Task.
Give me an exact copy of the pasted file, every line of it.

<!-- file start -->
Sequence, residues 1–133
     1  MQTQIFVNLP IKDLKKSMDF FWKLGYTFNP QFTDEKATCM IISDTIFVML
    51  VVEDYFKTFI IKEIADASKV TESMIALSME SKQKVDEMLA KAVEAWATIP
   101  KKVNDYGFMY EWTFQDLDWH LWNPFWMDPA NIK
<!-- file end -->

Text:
Sequence, residues 1–133
     1  MQTQIFVNLP IKDLKKSMDF FWKLGYTFNP QFTDEKATCM IISDTIFVML
    51  VVEDYFKTFI IKEIADASKV TESMIALSME SKQKVDEMLA KAVEAWATIP
   101  KKVNDYGFMY EWTFQDLDWH LWNPFWMDPA NIK